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Monday, January 28, 2013

Nature Study Monday {Identify that bug!}

One of our latest finds was a really big spider. While we don't try to ID every bug/spider/plant/what have you, that we find, every now and then (especially when someone asks about a blog post!), we do. Using our recently mounted specimen as an example, I'm going to walk you through what I learned about spider identification. You will probably already have figured out these simple steps on your own, or could have if you'd tried, when using the internet to ID one of your nature study finds. But, just in case you haven't ever done it, this is how to start.

step one:


This might include something as vague as bright green bug; though, i recommend you pick something a little more specific if you can, geographical area, size, anything you might guess about it... beetle, moth, etc. Depending on how specific/general you are, this *can* be a time consuming step. Don't worry, it'll get easier the more often you do it! :)

This time, I googled spider identification because frankly, I had no idea where to begin. I came up w/ the following super helpful sites with ID tips (and lots more less helpful sites besides)...

{If you own field guides, you can check THEM first. I usually do. But, for a long time, I didn't own the right ones and I certainly didn't know how to use them. That takes practice.}

step two:

Check your go-to sites for local identification. Wait, you don't have any go-to sites yet? Well, to start, google 'pacific northwest bug identification', or enter wherever you are. Bookmark the most helpful sites so you can go back there time and again. Local guides are probably going to be your best bet, apart from the really big famous sites. There will be links to info that will help you narrow down your search.

For example, I found:
Here's a non-comforting site I ran into. I became even more uncomfortable when I noticed that the very poisonous spider talked about there (made it into Guiness Book of World Records?), looks similar to mine very own dead one currently sitting on my dining room table for display. eek!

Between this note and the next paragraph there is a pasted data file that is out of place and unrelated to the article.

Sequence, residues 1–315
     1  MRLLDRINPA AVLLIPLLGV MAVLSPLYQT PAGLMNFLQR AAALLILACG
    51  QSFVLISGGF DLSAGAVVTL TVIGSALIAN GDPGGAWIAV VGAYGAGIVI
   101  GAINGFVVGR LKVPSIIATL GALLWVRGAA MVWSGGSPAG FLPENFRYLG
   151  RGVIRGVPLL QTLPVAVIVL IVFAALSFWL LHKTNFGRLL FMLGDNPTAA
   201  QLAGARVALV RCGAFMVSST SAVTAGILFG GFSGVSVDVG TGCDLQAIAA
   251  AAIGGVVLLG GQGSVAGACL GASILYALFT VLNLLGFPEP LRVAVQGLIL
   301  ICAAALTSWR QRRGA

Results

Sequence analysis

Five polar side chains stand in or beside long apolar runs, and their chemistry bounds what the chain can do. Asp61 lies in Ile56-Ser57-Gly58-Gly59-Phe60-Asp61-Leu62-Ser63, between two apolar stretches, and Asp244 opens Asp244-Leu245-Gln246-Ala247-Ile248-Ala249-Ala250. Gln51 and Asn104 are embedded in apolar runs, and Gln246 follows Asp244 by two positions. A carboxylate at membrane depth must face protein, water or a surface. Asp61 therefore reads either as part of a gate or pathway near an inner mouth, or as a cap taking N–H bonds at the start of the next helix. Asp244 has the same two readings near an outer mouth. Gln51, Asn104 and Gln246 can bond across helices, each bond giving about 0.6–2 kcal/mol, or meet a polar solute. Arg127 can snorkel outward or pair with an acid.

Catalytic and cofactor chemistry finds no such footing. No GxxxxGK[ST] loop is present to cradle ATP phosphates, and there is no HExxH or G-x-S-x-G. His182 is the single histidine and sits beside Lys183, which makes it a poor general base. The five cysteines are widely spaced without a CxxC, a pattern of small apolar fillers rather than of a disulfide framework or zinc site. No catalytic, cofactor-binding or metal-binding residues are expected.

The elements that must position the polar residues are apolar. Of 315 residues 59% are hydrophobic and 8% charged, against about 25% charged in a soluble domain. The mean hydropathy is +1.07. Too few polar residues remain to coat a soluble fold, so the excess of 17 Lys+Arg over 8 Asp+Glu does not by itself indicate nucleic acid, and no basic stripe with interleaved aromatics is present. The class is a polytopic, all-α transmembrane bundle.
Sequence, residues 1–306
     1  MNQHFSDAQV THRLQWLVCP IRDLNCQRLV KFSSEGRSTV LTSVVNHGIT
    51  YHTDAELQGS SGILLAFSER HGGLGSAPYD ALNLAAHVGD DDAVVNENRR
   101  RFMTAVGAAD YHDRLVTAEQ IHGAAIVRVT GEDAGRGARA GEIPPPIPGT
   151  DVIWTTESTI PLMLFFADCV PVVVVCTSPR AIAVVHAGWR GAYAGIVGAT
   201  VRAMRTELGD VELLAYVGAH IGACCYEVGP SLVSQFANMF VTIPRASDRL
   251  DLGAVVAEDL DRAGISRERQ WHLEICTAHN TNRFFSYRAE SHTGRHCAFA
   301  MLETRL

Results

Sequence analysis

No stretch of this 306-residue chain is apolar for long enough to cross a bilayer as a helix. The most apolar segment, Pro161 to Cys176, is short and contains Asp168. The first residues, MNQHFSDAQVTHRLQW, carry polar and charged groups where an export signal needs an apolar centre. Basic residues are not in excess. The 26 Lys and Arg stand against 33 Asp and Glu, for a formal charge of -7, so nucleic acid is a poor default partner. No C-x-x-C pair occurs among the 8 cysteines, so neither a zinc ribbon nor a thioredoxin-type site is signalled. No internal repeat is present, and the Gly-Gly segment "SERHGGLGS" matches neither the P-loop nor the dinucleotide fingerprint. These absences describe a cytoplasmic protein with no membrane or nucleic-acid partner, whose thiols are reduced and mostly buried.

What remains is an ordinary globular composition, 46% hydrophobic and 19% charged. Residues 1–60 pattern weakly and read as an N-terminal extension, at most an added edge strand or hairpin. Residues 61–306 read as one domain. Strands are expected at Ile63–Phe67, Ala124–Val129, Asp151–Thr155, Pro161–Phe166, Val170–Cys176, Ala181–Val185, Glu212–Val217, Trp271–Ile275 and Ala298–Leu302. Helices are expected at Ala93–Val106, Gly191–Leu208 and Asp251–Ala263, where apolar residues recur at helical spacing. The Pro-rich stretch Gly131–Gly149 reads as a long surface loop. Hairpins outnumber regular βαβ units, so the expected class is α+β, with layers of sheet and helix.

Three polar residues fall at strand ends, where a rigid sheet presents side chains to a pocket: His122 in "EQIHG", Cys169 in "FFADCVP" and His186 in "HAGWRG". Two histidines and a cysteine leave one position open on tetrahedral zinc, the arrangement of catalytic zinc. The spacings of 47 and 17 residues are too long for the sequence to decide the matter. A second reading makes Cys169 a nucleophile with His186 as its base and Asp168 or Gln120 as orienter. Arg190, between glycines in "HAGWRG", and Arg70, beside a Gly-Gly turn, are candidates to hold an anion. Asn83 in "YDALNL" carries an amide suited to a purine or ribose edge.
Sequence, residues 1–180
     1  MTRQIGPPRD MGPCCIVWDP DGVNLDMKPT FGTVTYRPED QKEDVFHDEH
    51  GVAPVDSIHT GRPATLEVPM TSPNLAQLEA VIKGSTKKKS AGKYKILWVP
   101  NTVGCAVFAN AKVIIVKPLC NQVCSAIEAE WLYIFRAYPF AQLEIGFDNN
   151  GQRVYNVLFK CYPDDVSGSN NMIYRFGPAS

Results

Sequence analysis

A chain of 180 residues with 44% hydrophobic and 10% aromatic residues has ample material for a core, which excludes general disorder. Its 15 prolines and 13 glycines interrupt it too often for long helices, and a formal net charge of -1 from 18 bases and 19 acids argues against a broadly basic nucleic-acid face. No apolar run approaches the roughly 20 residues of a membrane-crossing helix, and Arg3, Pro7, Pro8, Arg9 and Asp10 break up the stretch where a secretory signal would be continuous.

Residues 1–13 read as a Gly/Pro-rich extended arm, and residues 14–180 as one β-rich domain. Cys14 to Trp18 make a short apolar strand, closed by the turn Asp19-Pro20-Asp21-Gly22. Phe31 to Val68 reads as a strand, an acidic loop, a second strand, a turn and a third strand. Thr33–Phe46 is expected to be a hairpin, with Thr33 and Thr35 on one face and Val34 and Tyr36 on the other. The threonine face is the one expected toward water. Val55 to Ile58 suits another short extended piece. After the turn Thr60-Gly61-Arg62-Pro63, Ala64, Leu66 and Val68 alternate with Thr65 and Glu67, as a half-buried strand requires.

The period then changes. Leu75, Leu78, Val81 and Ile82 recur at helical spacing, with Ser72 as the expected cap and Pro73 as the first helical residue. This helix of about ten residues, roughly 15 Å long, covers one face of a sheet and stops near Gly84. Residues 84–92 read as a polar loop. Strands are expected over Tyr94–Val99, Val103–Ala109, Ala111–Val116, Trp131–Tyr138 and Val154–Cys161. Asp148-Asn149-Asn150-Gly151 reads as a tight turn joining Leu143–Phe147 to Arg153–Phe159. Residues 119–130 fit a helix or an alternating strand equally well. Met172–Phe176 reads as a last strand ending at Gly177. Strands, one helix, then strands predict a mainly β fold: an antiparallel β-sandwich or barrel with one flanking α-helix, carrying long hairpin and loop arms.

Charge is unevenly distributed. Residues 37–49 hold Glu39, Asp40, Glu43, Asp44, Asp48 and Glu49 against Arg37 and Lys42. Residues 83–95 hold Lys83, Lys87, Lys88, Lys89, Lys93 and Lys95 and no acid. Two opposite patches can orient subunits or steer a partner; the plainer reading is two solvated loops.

{If you have field guide books, pull those out if you haven't already! I really prefer the books, but have found that they are somewhat limited (especially when you live somewhere other than N.America). The good thing about the books though, is they are specific to your region, and usually walk you through the steps to identification and classification. I like that.}

step three:

Using the above steps you'll probably latch onto some leads in the direction you want to go. If not, you can check out some of the following sites that will ID the critter for you!

spiders: - check out their ID guide and then the forum. (spider page)
American Museum of Natural History - spider research
The World Spider Catalog


One thing I learned about identifying spiders that I never would have guessed is, they have eye patterns specific to their families. Which might seem normal to you, but certainly didn't occur to me. In our family, three have brown eyes, two greyish-green, one hazel and one blue, so this wasn't a no-brainer... I never would've guessed it was a deciding factor for spiders!

Another interesting tidbit is that most spiders found in North America are harmless; which is good to know if you live there. Of course, South America is NOT so tame.

Well, chances are some of you could probably teach me a thing or two about identifying insects and other invertebrates... please feel free to leave any helpful hints in the comments! ;)

This has been another Nature Study Monday, and is linked to January's NSM post, where you too can link to your nature study posts to share in the month of January. My goal is to post about our nature studies at least twice a month (1st & 3rd Mondays), but you can link up anytime to any of the NSM posts to share! Click here to see other posts.

1 comment:

TL Glaser said...

My favorite sit for caterpillars, moths, and butterflies in my neck of the woods is Butterflies and Moths of North America, affectionately known as BAMONA) . They keep lists by county and I have added a couple of species to my rural town (probably because folks around here aren't as buggy as I am).

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